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The sweeping credit downgrades for mega-banks: 4 takeaways
Moody's downgrades 15 of the world's largest banks, putting increased pressure on the financial industry as it struggles with severe economic headwinds
 
The Morgan Stanley headquarters in New York: Moody's downgraded the bank's credit rating by two notches Thursday. The bank was braced for an even more severe three-notch reduction.
The Morgan Stanley headquarters in New York: Moody's downgraded the bank's credit rating by two notches Thursday. The bank was braced for an even more severe three-notch reduction.
REUTERS/Eric Thayer

The credit-rating agency Moody's has downgraded 15 of the world's largest banks, adding a new element of uncertainty to markets already unnerved by a debt crisis in Europe and slowing economic growth in the U.S. and elsewhere. Five American banks — JPMorgan Chase, Goldman Sachs, Citigroup, Bank of America, and Morgan Stanley — were targeted, as well as major banks in Europe and Canada. It is the first time since 2007 that Moody's has conducted such a sweeping downgrade, a sign of renewed instability in the financial system. Here, four takeaways:

1. Bank profits — and your pocketbook — could take a hit
The downgrades officially stamp the banks as less creditworthy than they once were, which means it will likely cost them more to secure credit, the lifeblood of the financial industry. (Lenders are expected to ask the banks put up more collateral, or assets that can be seized if banks don't repay their loans.) The more expensive it is for banks to find financing, the lower their profits — and banks are likely to recoup their losses by passing on the costs to consumers, probably by making it more costly to take out mortgages and get credit cards.

2. Banks may start taking fewer risks
The banks hit hardest — such as Morgan Stanley, whose credit rating was lowered two notches — were those that largely rely on riskier trades to make profits. JPMorgan and other banks that have more traditional revenue sources (such as home loans) and a large base of customer deposits were deemed the most creditworthy. Moody's has effectively tilted the playing field in favor of traditional banks, which will now enjoy an advantage in getting cheap financing. As a result, riskier banks are already starting to change their business models to prove that they're safe investments, which could reflect a fundamental shift toward safety after an explosion of risk-taking that caused the financial crisis in 2008.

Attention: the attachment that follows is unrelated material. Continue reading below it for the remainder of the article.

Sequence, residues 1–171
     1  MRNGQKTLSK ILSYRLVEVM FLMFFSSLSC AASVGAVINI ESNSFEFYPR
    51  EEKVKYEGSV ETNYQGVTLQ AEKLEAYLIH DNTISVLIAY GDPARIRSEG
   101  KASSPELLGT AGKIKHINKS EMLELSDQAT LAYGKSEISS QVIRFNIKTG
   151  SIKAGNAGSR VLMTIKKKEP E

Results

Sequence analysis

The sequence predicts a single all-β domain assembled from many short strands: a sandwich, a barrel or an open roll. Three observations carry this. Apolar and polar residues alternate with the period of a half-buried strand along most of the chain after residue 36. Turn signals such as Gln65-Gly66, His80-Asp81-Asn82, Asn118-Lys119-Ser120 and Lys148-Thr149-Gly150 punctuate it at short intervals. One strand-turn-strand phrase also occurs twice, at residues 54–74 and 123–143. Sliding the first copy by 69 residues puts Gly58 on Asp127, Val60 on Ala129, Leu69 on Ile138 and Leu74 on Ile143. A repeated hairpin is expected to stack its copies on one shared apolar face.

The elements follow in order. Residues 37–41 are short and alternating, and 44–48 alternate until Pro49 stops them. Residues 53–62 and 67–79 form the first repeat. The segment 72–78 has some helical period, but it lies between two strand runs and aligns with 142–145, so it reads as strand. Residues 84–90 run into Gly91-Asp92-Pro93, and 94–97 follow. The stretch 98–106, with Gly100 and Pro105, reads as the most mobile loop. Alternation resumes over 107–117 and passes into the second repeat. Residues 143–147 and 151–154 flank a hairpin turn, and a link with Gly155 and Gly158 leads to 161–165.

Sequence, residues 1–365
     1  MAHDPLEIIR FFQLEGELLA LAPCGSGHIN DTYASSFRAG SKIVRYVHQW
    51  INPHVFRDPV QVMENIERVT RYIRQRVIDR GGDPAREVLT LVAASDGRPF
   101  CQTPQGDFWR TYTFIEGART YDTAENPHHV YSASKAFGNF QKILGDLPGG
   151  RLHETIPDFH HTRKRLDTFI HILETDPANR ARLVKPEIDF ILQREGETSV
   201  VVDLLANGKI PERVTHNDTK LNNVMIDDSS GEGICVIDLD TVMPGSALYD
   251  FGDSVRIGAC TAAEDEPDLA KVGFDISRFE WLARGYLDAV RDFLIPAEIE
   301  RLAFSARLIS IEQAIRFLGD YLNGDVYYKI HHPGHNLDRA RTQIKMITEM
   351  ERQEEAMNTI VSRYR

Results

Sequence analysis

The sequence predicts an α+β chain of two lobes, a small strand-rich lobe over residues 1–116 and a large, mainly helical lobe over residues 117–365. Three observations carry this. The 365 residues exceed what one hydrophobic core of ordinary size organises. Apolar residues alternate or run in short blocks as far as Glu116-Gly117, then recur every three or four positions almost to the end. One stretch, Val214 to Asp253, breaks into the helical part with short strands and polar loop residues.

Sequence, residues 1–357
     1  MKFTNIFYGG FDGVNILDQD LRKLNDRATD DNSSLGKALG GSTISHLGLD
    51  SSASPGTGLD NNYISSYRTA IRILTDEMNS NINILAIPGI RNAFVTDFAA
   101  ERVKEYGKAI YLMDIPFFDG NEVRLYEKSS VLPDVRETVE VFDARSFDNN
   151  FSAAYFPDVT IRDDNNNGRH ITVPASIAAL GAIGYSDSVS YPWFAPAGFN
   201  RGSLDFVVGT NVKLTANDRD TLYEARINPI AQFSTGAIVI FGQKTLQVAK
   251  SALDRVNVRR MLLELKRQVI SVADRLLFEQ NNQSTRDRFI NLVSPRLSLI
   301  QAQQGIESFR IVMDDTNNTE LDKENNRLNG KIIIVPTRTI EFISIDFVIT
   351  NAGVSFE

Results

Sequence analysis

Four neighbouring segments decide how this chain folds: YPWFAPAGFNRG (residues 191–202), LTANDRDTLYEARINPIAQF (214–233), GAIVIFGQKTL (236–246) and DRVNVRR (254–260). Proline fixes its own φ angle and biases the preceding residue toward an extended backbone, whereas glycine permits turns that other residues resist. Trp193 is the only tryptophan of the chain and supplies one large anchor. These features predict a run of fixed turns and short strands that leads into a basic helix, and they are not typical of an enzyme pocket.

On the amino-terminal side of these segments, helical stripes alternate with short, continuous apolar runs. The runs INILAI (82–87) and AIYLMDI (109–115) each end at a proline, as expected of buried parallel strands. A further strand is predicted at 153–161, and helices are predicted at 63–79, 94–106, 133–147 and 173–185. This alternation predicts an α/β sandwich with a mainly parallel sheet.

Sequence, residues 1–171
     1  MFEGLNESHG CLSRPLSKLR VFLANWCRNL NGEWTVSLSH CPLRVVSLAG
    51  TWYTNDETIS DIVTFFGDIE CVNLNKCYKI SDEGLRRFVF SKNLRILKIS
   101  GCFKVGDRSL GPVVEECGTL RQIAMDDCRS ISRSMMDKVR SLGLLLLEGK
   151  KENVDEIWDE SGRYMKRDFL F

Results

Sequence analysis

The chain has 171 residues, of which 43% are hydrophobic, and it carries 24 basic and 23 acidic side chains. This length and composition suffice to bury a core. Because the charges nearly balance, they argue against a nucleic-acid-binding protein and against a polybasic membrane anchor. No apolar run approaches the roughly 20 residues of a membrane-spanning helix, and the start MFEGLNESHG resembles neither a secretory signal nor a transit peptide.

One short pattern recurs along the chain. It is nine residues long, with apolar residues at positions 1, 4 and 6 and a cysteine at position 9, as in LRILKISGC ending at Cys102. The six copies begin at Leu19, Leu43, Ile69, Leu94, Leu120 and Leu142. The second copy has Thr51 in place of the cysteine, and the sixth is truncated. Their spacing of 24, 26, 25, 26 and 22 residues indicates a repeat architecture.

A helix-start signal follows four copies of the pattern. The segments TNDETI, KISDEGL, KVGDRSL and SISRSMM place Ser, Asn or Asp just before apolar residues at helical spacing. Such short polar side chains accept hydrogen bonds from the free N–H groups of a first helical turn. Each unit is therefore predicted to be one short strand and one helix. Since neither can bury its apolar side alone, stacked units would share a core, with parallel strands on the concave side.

3. Markets are calm… for now
Moody's warned about the credit downgrades in February, and markets have already taken them into account by pushing down banking shares over the past few months. Markets reacted to the official announcement from Moody's with equanimity, and banking share prices have been stable. However, amidst bad economic news from Europe and the U.S., the downgrades could start to weigh heavily on a jittery system in the months ahead. Indeed, governments around the world continue to prop up the financial system to make sure banks don't get caught in a credit crunch. Just this week, the Federal Reserve announced that it would extend the lifespan of a liquidity program that has helped keep credit flowing.

4. There could be more downgrades to come
With the euro crisis perpetually threatening to unleash global economic chaos, the world's mega-banks could see additional downgrades in the months to come. According to some analysts, there is skepticism that they have enough cash on hand to adequately batten the hatches if the crisis takes a serious turn for the worse.

Sources: Associated PressBloomberg, The New York Times (2), ReutersThe Wall Street Journal

 

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